(aquatic invertebrate production in experimentally manipulated streams (Wallace et al. 1999)

predicting secondary production 2 guilds2
Predicting secondary production: (2) guilds

(terrestrial animal production as a function of primary production – McNaughton et al. 1991) (V=vertebrates, I=invertebrates)

predicting secondary production or ingestion 2 guilds
Predicting secondary production (or ingestion): (2) guilds

Aquatic is white (left) or blue (center and right); terrestrial is black (left) or green (center and right)

(Cebrian and Lartigue 2004)

terrestrial aquatic differences
Terrestrial/aquatic differences
  • Herbivores ingest a higher proportion of NPP in aquatic systems (higher nutrient content of NPP)
  • Herbivore production possibly much higher in aquatic systems (higher ingestion, higher assimilation efficiency?, less homeothermy so higher net growth efficiency)
predicting secondary production of guilds
Predicting secondary production of guilds
  • Predictable (and linear?) from resource supply
  • Too imprecise to be very useful as a predictor
  • Maybe strong terrestrial/aquatic differences arising from nutrient content of primary producers
  • Nutrients as well as energy affect guild production
predicting secondary production 3 entire communities1
Predicting secondary production: (3) entire communities

S = R + L, so R = S – L

(S = net supply of organic matter, L = non-respiratory losses)

predicting secondary production 3 entire communities2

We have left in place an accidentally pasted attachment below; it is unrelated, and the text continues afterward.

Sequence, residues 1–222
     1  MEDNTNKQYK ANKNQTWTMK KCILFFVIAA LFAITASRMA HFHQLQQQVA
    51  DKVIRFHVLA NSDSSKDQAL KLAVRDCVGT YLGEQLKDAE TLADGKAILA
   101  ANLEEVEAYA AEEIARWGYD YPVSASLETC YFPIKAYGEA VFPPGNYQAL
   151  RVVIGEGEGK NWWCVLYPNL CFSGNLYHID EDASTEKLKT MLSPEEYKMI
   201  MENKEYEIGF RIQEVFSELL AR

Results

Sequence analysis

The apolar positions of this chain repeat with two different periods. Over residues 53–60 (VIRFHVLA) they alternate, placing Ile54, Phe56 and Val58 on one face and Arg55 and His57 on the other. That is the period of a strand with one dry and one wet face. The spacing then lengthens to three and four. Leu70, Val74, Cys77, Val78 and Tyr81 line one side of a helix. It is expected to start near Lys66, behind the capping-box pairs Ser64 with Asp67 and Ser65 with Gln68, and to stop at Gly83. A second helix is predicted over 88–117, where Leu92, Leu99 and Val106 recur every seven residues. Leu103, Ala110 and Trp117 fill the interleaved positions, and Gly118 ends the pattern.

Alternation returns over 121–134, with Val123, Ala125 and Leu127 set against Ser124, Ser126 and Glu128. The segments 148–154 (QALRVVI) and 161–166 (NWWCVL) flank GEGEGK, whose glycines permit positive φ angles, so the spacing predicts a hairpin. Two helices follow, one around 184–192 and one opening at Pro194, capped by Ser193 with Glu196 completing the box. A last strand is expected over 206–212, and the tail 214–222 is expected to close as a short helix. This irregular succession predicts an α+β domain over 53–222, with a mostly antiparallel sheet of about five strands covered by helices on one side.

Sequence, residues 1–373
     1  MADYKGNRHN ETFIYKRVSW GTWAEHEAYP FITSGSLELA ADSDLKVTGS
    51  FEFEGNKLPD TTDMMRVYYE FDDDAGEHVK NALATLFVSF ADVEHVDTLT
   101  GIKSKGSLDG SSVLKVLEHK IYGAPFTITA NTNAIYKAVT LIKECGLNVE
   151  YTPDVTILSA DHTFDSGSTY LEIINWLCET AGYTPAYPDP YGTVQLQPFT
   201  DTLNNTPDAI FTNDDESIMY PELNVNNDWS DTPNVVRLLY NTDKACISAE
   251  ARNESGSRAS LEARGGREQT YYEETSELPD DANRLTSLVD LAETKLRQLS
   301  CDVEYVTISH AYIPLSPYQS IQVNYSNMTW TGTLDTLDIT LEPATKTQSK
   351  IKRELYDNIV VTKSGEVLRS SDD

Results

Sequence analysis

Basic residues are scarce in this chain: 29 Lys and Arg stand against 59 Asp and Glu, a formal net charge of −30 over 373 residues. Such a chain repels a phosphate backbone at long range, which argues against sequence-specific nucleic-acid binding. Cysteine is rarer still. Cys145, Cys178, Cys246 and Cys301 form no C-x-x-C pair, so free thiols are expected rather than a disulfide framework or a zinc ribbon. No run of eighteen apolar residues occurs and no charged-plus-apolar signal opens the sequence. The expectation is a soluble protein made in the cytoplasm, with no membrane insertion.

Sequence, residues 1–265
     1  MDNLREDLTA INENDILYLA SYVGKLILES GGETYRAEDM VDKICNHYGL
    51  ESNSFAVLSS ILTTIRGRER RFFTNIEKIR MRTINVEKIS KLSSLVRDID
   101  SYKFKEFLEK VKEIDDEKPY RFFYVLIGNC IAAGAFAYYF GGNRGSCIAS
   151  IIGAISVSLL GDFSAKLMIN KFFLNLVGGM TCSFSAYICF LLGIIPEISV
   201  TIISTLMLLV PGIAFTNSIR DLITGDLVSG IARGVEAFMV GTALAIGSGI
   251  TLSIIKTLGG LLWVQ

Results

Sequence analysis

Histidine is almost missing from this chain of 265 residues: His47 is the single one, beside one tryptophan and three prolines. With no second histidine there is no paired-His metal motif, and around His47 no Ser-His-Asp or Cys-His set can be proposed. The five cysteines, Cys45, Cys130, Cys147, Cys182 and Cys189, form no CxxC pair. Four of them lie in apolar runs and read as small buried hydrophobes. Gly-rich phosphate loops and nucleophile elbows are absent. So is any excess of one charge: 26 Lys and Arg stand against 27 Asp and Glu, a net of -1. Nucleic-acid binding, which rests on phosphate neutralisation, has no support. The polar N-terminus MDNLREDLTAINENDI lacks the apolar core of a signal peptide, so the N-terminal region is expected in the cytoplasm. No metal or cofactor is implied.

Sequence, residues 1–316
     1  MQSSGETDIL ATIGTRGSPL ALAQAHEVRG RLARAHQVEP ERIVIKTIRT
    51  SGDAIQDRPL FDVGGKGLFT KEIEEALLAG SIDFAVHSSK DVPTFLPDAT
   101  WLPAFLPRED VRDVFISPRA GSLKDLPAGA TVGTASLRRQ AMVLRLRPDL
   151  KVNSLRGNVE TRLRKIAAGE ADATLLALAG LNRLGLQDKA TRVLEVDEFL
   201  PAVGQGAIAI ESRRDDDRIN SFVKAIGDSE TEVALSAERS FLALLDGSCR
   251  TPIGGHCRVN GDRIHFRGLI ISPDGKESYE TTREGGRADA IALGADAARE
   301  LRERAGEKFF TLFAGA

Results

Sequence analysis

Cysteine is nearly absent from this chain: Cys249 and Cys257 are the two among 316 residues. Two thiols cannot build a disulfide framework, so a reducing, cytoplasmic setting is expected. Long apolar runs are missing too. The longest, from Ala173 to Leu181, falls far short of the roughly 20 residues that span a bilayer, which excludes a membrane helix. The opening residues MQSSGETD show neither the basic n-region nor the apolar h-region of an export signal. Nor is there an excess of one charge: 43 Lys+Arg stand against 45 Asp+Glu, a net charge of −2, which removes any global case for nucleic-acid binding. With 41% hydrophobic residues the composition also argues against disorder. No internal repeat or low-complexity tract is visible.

Predicting secondary production: (3) entire communities

S = R + L, so R = S – L

εng = P/(P + R), so P = εng(P + R)

(εng = net growth efficiency,

S = net supply of organic matter, L = non-respiratory losses)

predicting secondary production 3 entire communities3
Predicting secondary production: (3) entire communities

S = R + L, so R = S – L

εng = P/(P + R), so P = εng(P + R)

Therefore, P = εng(P + S – L)

predicting secondary production 3 entire communities4
Predicting secondary production: (3) entire communities

S = R + L, so R = S – L

εng = P/(P + R), so P = εng(P + R)

Therefore, P = εng(P + S – L);

Rearranging, P(1- εng) = εng(S – L)

predicting secondary production 3 entire communities5
Predicting secondary production: (3) entire communities

S = R + L, so R = S – L

εng = P/(P + R), so P = εng(P + R)

Therefore, P = εng(P + S – L);

Rearranging, P(1- εng) = εng(S – L)

And P = (S – L)εng/(1 – εng)

predicting secondary production 3 entire communities6
Predicting secondary production: (3) entire communities

P = (S – L) εng/(1 – εng)

A = (S – L)/(1 – εng)

I = (S – L)/(εa(1 - εng))

εa = assimilation efficiency, εng = net growth efficiency,

S = net supply of organic matter, L = non-respiratory losses

predicting secondary production of entire communities
Predicting secondary production of entire communities
  • Secondary production is large compared to primary production (if NGE=30%, secondary production = 43% of NPP)
  • Decomposers see a lot of consumer tissue (not just plant tissue)
  • Secondary production is larger in systems dominated by heterotherms than in systems dominated by homeotherms
  • Energy available for ingestion and assimilation by consumers is greater than primary production (if NGE=30% and AE = 20%, A=143% of NPP, I = 714% of NPP)
conclusions
Conclusions
  • It’s easier to predict the secondary production of an entire community than a single population
  • Consumer activity is tightly linked with other processes that control the movement and fate of organic matter
  • When considered at the community level, secondary production (maybe) is controlled by the same factors that control primary production: supply of energy and nutrients, and their retention